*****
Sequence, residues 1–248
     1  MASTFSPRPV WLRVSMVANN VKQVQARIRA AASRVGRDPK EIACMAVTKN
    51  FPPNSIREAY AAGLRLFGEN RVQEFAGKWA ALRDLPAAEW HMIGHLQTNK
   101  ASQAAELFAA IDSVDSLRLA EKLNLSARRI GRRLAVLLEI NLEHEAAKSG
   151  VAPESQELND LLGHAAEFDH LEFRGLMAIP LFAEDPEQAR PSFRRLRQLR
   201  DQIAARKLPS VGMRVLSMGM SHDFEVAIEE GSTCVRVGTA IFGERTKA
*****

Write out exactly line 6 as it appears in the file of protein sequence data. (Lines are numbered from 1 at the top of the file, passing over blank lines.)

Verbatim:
   201  DQIAARKLPS VGMRVLSMGM SHDFEVAIEE GSTCVRVGTA IFGERTKA